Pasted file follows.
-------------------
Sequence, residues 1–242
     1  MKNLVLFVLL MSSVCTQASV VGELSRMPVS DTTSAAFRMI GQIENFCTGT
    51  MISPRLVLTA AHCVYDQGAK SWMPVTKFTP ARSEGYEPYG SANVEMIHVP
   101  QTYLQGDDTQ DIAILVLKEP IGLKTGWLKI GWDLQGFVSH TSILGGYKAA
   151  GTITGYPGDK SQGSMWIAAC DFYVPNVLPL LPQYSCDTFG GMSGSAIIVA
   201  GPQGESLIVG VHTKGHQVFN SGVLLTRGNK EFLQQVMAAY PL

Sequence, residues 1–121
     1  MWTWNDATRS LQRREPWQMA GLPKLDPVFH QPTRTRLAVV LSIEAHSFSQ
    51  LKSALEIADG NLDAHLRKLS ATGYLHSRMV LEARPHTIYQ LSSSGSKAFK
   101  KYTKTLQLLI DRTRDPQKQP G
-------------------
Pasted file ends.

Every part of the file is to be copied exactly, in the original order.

Sequence, residues 1–242
     1  MKNLVLFVLL MSSVCTQASV VGELSRMPVS DTTSAAFRMI GQIENFCTGT
    51  MISPRLVLTA AHCVYDQGAK SWMPVTKFTP ARSEGYEPYG SANVEMIHVP
   101  QTYLQGDDTQ DIAILVLKEP IGLKTGWLKI GWDLQGFVSH TSILGGYKAA
   151  GTITGYPGDK SQGSMWIAAC DFYVPNVLPL LPQYSCDTFG GMSGSAIIVA
   201  GPQGESLIVG VHTKGHQVFN SGVLLTRGNK EFLQQVMAAY PL

Sequence, residues 1–121
     1  MWTWNDATRS LQRREPWQMA GLPKLDPVFH QPTRTRLAVV LSIEAHSFSQ
    51  LKSALEIADG NLDAHLRKLS ATGYLHSRMV LEARPHTIYQ LSSSGSKAFK
   101  KYTKTLQLLI DRTRDPQKQP G